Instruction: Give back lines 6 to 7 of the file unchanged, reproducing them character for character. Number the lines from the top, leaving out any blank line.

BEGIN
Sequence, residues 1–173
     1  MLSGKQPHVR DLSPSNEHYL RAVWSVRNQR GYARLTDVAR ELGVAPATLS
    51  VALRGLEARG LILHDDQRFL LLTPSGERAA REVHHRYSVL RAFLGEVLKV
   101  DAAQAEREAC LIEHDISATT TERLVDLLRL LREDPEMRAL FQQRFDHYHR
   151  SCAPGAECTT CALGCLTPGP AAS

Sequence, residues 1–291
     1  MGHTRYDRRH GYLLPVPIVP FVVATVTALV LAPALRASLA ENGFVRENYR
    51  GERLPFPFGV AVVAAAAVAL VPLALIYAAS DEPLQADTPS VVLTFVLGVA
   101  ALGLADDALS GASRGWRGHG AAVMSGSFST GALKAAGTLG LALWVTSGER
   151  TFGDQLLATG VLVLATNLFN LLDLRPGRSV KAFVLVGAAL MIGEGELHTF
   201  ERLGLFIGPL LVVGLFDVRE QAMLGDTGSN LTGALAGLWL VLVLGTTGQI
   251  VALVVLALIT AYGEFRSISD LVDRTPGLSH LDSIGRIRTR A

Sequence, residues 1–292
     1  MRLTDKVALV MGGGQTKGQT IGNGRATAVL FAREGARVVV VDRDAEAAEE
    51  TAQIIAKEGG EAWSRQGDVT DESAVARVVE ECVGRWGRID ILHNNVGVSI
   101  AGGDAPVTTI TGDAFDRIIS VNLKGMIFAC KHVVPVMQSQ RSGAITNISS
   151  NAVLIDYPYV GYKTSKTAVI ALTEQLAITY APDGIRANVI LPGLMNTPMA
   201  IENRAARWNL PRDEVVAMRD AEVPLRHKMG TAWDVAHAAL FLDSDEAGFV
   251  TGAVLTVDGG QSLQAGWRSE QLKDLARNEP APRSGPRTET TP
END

Sequence, residues 1–291
     1  MGHTRYDRRH GYLLPVPIVP FVVATVTALV LAPALRASLA ENGFVRENYR